David is the Manager of Applied Research at the OPV and a research affiliate at the Canadian Network for Research on Terrorism, Security and Society (TSAS). His work has been funded by Public Safety Canada, TSAS, NATO and the Department of National Defence. He has delivered training and lectures before diverse audiences including the Brookings Institution, Oxford University’s Department of Politics and Canadian Joint Operations Command (CJOC). He also regularly instructs on the RCMP’s Counterterrorism Information Officer Course. In addition to research, David works with some of the clients in the OPV’s intervention program. He is a graduate of the University of Alberta.


  • Dr. Yannick Veilleux-Lepage, Leiden University

    ylp.jpgYannick Veilleux-Lepage is an Assistant Professor of Terrorism and Political Violence at the Institute of Security and Global Affairs at Leiden University. He was previously a Senior Researcher in the Transcultural Conflict and Violence Initiative at Georgia State University, where he worked on Department of Defense funded projects analyzing media products and online discourse produced by extremist groups. Dr Veilleux-Lepage is also an Associate Fellow of the Higher Education Academy and a Senior Research Associate of the Canadian Network for Research on Terrorism, Security and Society

    Dr. Veilleux-Lepage’s research interests include the creation of online narratives and propaganda which fosters or normalizes terrorism; historical antecedents to terrorism; far-right extremism and the transnational links of far-right groups; ideological and technical diffusion, and the application of evolutionary approaches to social sciences.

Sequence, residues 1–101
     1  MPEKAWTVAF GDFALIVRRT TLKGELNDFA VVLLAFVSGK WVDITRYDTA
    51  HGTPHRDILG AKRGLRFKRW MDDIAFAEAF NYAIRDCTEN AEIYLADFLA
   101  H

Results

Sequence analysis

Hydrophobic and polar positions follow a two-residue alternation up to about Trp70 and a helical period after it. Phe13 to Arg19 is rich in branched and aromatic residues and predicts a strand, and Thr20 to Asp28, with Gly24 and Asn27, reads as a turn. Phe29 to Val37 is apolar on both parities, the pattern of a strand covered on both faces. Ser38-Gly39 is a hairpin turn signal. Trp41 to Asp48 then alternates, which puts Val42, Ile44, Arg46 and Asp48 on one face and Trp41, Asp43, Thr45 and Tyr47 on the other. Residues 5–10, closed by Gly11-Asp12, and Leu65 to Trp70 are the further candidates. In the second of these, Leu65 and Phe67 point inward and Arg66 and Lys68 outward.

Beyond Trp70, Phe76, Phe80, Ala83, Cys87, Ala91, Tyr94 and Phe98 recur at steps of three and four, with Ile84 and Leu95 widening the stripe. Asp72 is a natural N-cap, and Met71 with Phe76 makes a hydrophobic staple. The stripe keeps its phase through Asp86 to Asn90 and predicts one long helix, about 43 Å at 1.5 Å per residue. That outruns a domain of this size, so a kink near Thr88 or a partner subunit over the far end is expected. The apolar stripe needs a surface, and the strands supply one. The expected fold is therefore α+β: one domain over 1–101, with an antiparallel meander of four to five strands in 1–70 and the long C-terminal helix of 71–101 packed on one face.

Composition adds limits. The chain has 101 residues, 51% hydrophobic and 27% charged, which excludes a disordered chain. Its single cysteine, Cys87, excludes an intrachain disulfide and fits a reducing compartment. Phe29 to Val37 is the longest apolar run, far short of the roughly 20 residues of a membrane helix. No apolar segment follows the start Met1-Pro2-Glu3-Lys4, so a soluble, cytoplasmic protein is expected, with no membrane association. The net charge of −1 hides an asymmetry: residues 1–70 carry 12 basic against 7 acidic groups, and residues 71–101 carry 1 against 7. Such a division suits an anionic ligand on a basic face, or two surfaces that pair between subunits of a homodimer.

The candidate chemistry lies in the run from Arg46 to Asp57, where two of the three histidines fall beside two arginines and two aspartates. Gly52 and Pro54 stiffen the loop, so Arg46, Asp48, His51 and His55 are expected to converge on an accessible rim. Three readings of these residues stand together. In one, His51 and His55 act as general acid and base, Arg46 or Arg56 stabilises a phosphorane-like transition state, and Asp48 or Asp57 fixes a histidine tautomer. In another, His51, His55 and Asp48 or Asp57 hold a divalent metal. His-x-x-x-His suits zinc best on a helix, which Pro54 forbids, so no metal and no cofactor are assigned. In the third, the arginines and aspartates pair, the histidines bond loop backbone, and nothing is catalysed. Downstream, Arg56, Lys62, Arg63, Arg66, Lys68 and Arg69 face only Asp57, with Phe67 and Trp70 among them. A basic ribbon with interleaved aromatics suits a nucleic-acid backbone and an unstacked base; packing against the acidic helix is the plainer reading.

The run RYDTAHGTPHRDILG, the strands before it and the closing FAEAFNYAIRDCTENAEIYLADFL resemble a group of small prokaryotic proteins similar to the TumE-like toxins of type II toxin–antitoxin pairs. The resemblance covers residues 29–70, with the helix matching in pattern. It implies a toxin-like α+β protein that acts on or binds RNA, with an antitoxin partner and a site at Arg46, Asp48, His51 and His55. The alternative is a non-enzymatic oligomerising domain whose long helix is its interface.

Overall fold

His doctoral research, which explained the process by which new techniques of political violence appear, transform, spread, and disappear, drawing on insights from evolutionary theory, is the subject of his new book How Terror Evolves: The Emergence and Spread of Terrorist Techniques. Dr. Veilleux-Lepage is also the author of several peer-reviewed articles and reports on the weaponisation of social media, far-right extremism, and tactical innovation. 

    He has appeared or been cited in national and international media as an expert in his field, including the BBC, CBC, CNN, International Business Times, ITV, La Presse, LBC, Metro News (Sweden), Radio-Canada, Sky News, The Global and Mail, The Guardian, and The National Post.  

    Dr. Veilleux-Lepage holds a doctorate in International Relations from the University of St Andrews in Scotland.  He earned a master’s degree in International Affairs from the Norman Paterson School of International Affairs (Carleton University) in Ontario, Canada and a bachelor’s degree in Interdisciplinary Studies (Security Studies) from Carleton University. Prior to undertaking his doctoral studies, Dr. Veilleux-Lepage worked as a senior intelligence analyst specializing in international terrorism and emerging threats for the Government of Canada.
  • Tracy Campbell, Network Coordinator

    tracy headshotTracy is the Coordinator of the Network for Research on Hateful Conduct and Right-Wing Extremism in the CAF. She has experience working with the Canadian Armed Forces, both as a civilian and as an officer. Previously, in her role as a Physical Fitness Policy and Standards Coordinator for the Canadian Forces Morale and Welfare Services, she managed physical fitness training programs and policies for the CAF and played a critical role in enabling the organization to move from paper to electronic systems for tracking military fitness results. 

    Tracy obtained a Bachelor of Commerce with a Certificate in Human Resources Management from Saint Mary’s University in 2018 and a Bachelor of Science in Kinesiology from Dalhousie University in 2008.